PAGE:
I’d like to discuss a paper we’ve published lately. The paper presents work done at Elastifile.com, building a new kind of consensus algorithm. Before describing what our new system does, let’s see why previous consensus algorithms weren’t sufficient.
Most consensus algorithms, like Paxos (which I’ve discussed previously in this blog, here and here), Raft or Zab (used in ZooKeeper), are based on the concept of “state machine replication” (SMR). Such algorithms reach agreement on a distributed log, which represents state transitions. Given an initial state, and the distributed log, the current state can be reached by “replaying” the log entries one after the other. Since the initial state is known to the servers, and since the distributed log is achieved via consensus, it is also known to the servers. Thus, if one node P fails, some other node Q can continue from where P left off.
There are a few drawbacks to distributed log based consensus algorithms. First, if some log entry is taking more time to commit, for example due to a slow disk IO, or due to a packet drop, all following log entries must wait for it. That is, inserting “y=1” to the log blocks the execution of “z=0”, even though they might be unrelated. (Note that “z=0” can be added to the log before “y=1” is committed, but we can’t replay “z=0” until “y=1” has been replayed). This means that a slow operation will delay all following operations, whether they depend on it or not.
Second, when recovering from failures, we need to recover the distributed log entirely before the most up to date state can be constructed. That is, for us to replay the transition “z=0”, we must first replay “x=0” and “y=1”. This means that if there is a query about z, we need to wait for the entire log to be recovered before we can respond.
Third, due to the longer recovery times, the timeout to detect failures is set to be longer. That is, the higher the cost of false detection of a failure, the longer we want to wait before reelecting a leader. This means that if a node really failed, a new election will kick in after a longer timeout, and during that time, no requests will be served.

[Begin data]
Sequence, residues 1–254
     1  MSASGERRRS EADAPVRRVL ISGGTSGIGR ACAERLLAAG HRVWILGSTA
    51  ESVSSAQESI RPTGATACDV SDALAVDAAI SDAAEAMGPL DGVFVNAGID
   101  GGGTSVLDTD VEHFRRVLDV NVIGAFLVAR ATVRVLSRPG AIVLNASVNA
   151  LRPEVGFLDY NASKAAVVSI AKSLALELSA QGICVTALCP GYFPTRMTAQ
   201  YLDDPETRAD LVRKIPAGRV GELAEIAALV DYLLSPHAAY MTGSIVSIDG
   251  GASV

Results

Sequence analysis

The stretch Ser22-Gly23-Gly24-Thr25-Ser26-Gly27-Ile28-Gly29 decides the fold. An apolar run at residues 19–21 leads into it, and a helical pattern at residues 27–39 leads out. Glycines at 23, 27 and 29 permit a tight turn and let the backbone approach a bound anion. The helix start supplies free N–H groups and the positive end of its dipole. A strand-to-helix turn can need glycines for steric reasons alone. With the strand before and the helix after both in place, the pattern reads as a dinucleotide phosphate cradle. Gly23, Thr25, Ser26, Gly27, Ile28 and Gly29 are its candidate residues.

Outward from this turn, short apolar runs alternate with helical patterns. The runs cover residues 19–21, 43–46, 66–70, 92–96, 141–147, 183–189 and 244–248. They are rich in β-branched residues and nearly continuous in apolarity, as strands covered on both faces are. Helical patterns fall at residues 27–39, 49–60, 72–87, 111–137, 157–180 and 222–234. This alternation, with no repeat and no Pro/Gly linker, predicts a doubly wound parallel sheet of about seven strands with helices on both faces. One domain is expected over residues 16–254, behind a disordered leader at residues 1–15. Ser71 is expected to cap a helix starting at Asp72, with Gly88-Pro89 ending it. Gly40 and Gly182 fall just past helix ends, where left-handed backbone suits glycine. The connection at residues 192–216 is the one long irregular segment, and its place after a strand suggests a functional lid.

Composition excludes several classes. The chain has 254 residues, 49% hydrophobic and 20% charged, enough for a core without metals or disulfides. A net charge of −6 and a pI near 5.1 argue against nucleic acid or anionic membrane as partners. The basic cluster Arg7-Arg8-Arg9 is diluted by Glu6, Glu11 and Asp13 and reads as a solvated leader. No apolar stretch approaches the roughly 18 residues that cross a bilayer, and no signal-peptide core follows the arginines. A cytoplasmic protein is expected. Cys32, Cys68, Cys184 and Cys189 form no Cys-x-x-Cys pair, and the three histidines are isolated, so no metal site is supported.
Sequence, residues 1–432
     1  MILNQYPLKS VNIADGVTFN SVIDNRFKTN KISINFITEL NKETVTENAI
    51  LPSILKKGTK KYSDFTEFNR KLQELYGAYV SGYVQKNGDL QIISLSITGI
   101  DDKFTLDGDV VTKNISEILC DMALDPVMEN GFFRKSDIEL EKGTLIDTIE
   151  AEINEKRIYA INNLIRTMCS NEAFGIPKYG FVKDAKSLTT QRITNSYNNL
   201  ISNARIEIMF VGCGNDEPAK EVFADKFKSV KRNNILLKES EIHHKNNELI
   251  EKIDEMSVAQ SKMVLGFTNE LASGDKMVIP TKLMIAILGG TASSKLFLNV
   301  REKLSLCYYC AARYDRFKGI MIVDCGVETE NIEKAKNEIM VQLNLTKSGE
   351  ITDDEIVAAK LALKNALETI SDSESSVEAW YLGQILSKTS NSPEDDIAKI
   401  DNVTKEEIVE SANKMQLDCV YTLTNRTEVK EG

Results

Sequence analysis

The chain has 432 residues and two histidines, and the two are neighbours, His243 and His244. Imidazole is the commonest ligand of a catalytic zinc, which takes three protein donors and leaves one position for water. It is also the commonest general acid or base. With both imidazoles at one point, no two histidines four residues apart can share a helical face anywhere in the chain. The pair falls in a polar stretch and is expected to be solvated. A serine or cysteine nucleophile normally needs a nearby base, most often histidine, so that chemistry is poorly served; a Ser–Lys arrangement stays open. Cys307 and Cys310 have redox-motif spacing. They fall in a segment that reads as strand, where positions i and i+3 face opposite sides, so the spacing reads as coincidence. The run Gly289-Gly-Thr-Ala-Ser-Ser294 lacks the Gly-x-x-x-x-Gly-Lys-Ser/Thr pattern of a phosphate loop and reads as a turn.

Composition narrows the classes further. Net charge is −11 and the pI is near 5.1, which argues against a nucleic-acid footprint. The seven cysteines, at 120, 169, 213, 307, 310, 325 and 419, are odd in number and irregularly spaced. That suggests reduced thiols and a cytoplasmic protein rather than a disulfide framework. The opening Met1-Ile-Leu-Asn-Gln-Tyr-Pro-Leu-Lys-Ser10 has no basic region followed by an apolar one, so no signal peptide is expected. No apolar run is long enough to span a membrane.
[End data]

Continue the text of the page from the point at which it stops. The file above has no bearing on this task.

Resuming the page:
These drawbacks (and some others, presented in the full paper) have led us to develop Bizur, which is a key-value consensus algorithm. It allows for operations on different keys to operate concurrently (an example can be seen in the image bellow), thus mitigating the aforementioned drawbacks of distributed-log based consensus algorithms.
The main idea behind Bizur is to utilize the key-value data model. Different keys are independent of each other, and as such we can handle requests on them independently. Thus, Bizur can forego the distributed log, and instead use something more similar to shared registers (again, more details in the full paper).
The reason that Bizur can improve upon Paxos / Raft / Zab is because those algorithms work for every kind of data model, while Bizur is limited to the key-value data model only. Surprisingly, some well known services like ZooKeeper or etcd utilize under the hood a distributed log kind of consensus algorithms, while their data-model is a key-value one.
We’ve compared Bizur to ZooKeeper and etcd during leader failure, by killing the node that is the leader, and plotting the throughput and latency of requests before and after the failure. As can be seen in the graph below, Bizur behaves very nicely in this situation.
In the full paper you can read more about how Bizur is implemented, about its scalability, and see more comparisons with etcd and ZooKeeper.